Zim PM defends sharing power
Zimbabwean Prime Minister Morgan Tsvangirai on Sunday defended his decision to enter a power-sharing government with President Robert Mugabe, a day after being heckled offstage by protesters in London.
The two bitter rivals joined in a coalition government in February. The move has not gone down well with many Zimbabwean exiles, who blame Mugabe for years of economic collapse and political repression.
Protesters jeered Tsvangirai at a London church on Saturday when he appealed to expatriates to return home and rebuild the southern African country.
Tsvangirai told BBC television that Zimbabwe was making progress toward democracy and that free elections would be held in two years.
He said the coalition was "not perfect... but certainly we are on the way and it's irreversible".
"We went in this government to achieve one thing - it is to achieve ultimately democracy and democratic elections," Tsvangirai said.
He said Mugabe, who has ruled Zimbabwe since 1980, "has already accepted that this is a process of transition and that after two years we should go for an election".
Tsvangirai acknowledged there was a long way to go. Zimbabwe has had the highest inflation rate in the world, most of the population lacks food, human rights abuses persist and thousands have died during a major cholera outbreak.
Botched land reform
Many blame Mugabe, and especially a botched land-reform program that saw seizures of white-owned commercial farms.
Tsvangirai said land reform "has been a disaster".
The United States, former coloniser Britain and others want Mugabe to step down, and remain reluctant to offer Zimbabwe major aid. Neighbouring countries and an African bank have pledged $650m in credit lines - far from the $2 billion the government says it needs this year alone.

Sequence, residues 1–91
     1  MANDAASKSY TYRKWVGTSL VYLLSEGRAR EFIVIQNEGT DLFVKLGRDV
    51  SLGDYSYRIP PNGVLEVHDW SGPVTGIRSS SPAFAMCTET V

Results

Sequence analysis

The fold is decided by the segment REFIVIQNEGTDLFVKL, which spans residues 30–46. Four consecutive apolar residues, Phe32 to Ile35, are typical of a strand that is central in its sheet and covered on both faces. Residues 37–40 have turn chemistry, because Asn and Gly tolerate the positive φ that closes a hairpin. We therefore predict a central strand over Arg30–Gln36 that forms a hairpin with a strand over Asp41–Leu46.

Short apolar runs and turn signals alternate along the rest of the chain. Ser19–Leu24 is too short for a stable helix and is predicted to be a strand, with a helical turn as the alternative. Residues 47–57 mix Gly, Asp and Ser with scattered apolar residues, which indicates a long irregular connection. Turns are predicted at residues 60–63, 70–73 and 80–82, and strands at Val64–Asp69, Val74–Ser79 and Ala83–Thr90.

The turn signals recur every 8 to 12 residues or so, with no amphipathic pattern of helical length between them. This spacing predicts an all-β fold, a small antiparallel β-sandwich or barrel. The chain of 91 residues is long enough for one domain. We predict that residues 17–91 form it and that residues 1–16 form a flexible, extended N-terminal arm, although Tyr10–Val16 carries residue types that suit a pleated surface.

Tsvangirai said Western governments had moved "from being skeptical to accepting that there is progress; that this progress must be consolidated, that this transition must be strengthened because it strengthens the reform towards a proper democracy".
Tsvangirai, who is on a European tour, is due to meet British Prime Minister Gordon Brown on Monday.
In Zimbabwe, the country's information ministry said on Sunday that it is investigating whether a newsletter published by Tsvangirai's office is legal.
The state Sunday Mail newspaper, a mouthpiece of Mugabe's party, says the four-page publication set Tsvangirai on a "collision course" with government colleagues.
The newsletter contains details of Tsvangirai's current trip. The Sunday Mail says Tsvangirai should first have reported to Cabinet colleagues.
Chief information secretary George Charamba is quoted as saying his department is "looking at what the law says".